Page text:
Rumors began to circulate late last night and less than an hour later, it was confirmed: Northeastern University, a private school in Boston, Mass., was cutting its 76-year old football program. The decision was a result of a two-year review of the university's athletic department in which is was determined that football was simply too expensive to maintain, especially for a team that just completed its sixth consecutive losing season -- the school essentially said it no longer wanted to pay $3 million a year for more losses than wins.
“The decision was a difficult one, made all the more difficult because of the respect and admiration I have for our coaches and players,” [athletic director Peter] Roby said in [an] e-mail. “Despite my personal feelings toward them I am convinced that this decision is in the best interest of the university. The past several years have been disappointing for our football program despite the best efforts of our staff and players.”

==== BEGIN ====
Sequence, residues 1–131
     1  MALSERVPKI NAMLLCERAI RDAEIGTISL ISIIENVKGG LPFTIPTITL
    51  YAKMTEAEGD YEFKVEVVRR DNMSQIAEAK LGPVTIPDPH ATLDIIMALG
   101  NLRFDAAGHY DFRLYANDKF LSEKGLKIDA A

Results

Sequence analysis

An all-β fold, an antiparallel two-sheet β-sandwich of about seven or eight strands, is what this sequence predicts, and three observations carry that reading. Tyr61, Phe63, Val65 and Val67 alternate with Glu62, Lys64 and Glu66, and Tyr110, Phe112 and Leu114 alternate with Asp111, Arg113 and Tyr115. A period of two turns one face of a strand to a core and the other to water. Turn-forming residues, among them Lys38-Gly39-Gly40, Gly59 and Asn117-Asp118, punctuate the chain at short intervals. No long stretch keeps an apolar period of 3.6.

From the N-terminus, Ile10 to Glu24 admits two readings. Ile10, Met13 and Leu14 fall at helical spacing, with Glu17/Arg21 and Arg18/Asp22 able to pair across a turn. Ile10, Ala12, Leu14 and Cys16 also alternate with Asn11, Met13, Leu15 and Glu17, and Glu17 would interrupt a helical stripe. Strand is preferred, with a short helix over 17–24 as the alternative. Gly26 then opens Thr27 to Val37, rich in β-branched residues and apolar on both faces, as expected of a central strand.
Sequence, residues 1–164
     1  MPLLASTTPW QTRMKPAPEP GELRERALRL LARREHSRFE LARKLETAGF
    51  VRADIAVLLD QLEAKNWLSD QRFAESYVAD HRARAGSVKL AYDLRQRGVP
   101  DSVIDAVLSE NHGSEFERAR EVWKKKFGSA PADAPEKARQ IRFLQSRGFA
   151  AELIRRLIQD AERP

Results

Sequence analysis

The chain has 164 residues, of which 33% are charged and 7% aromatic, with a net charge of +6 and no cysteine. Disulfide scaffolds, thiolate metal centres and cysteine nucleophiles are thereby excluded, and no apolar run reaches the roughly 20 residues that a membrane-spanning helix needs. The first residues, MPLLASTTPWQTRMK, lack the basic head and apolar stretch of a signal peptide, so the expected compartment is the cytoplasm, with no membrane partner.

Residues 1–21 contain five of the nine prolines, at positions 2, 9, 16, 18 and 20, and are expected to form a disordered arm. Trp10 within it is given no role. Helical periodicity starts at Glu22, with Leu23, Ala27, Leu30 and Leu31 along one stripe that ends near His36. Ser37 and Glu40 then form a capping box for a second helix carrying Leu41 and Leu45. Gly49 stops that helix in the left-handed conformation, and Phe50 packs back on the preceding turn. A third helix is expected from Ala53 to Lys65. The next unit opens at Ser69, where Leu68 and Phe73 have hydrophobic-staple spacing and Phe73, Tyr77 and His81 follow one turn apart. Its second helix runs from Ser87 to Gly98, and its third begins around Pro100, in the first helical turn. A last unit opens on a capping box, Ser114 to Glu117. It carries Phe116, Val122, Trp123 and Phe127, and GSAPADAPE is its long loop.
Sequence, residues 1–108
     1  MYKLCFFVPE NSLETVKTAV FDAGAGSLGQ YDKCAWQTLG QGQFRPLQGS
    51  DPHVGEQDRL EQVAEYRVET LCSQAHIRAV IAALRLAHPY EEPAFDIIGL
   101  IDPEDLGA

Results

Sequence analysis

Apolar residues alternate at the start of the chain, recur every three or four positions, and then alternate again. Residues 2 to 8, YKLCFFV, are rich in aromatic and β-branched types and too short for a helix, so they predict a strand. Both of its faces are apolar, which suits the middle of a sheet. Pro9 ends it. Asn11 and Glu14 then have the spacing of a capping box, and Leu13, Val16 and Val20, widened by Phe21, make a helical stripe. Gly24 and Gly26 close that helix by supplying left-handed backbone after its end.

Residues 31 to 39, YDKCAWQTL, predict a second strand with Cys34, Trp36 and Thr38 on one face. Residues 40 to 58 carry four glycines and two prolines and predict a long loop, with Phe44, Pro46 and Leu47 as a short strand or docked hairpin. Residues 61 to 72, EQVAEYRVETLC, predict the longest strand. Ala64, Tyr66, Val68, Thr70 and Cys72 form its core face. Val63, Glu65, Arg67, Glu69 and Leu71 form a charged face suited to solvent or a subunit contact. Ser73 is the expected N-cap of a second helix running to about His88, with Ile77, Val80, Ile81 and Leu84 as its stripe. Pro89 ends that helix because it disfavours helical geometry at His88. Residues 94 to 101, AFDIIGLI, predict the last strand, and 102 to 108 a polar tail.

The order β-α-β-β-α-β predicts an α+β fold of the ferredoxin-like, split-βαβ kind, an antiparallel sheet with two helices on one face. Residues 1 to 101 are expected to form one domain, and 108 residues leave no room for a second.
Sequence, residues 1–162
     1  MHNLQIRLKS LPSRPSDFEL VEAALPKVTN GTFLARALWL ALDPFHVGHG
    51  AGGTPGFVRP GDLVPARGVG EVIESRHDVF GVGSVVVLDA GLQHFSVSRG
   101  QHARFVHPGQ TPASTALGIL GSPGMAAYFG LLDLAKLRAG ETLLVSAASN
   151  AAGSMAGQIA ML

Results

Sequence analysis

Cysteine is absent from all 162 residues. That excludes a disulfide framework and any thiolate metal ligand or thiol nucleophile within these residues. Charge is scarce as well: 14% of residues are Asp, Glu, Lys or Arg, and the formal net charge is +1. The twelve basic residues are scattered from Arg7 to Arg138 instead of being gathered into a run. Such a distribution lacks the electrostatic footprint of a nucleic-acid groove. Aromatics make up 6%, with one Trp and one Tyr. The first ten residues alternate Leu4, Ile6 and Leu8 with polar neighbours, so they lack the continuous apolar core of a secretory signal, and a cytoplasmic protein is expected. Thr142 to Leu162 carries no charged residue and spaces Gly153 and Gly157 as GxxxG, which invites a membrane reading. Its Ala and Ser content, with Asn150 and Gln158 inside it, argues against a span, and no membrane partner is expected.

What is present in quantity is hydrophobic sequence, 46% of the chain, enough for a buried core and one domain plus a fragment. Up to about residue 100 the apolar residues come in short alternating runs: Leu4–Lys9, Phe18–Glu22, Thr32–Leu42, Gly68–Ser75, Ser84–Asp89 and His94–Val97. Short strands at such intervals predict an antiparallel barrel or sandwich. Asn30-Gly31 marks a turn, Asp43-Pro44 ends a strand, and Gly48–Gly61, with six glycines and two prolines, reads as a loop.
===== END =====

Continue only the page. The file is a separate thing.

The Huskies, a
Division I-AA FCS team in the Colonial Athletic Association, went 3-8 this season. They joined the Atlantic 10 in 1993 (it later became the CAA) and since then they have been one of the worst teams in the league, compiling a 76-115 record, and just four winning seasons, in those 17 years. The school will honor the players' athletic scholarships and for those who wish to transfer, NU will "do everything [it] can" and the NCAA will waive their requirement that normally forces students to sit out year. The school's official release can be read here.